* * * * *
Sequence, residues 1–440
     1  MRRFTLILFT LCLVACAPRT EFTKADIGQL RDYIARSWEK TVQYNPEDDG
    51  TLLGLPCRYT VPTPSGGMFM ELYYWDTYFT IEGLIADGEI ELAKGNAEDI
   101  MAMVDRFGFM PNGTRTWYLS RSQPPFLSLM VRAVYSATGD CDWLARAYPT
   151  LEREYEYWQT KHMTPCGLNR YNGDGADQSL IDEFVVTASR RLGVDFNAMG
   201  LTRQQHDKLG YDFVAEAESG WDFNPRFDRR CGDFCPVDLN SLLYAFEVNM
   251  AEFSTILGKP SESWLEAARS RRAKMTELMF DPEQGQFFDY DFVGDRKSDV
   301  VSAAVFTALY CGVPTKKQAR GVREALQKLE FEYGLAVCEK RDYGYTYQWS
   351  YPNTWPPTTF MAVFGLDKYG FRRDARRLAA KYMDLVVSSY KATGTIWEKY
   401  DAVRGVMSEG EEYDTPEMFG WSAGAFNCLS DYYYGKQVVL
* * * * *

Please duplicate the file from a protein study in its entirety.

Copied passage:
Sequence, residues 1–440
     1  MRRFTLILFT LCLVACAPRT EFTKADIGQL RDYIARSWEK TVQYNPEDDG
    51  TLLGLPCRYT VPTPSGGMFM ELYYWDTYFT IEGLIADGEI ELAKGNAEDI
   101  MAMVDRFGFM PNGTRTWYLS RSQPPFLSLM VRAVYSATGD CDWLARAYPT
   151  LEREYEYWQT KHMTPCGLNR YNGDGADQSL IDEFVVTASR RLGVDFNAMG
   201  LTRQQHDKLG YDFVAEAESG WDFNPRFDRR CGDFCPVDLN SLLYAFEVNM
   251  AEFSTILGKP SESWLEAARS RRAKMTELMF DPEQGQFFDY DFVGDRKSDV
   301  VSAAVFTALY CGVPTKKQAR GVREALQKLE FEYGLAVCEK RDYGYTYQWS
   351  YPNTWPPTTF MAVFGLDKYG FRRDARRLAA KYMDLVVSSY KATGTIWEKY
   401  DAVRGVMSEG EEYDTPEMFG WSAGAFNCLS DYYYGKQVVL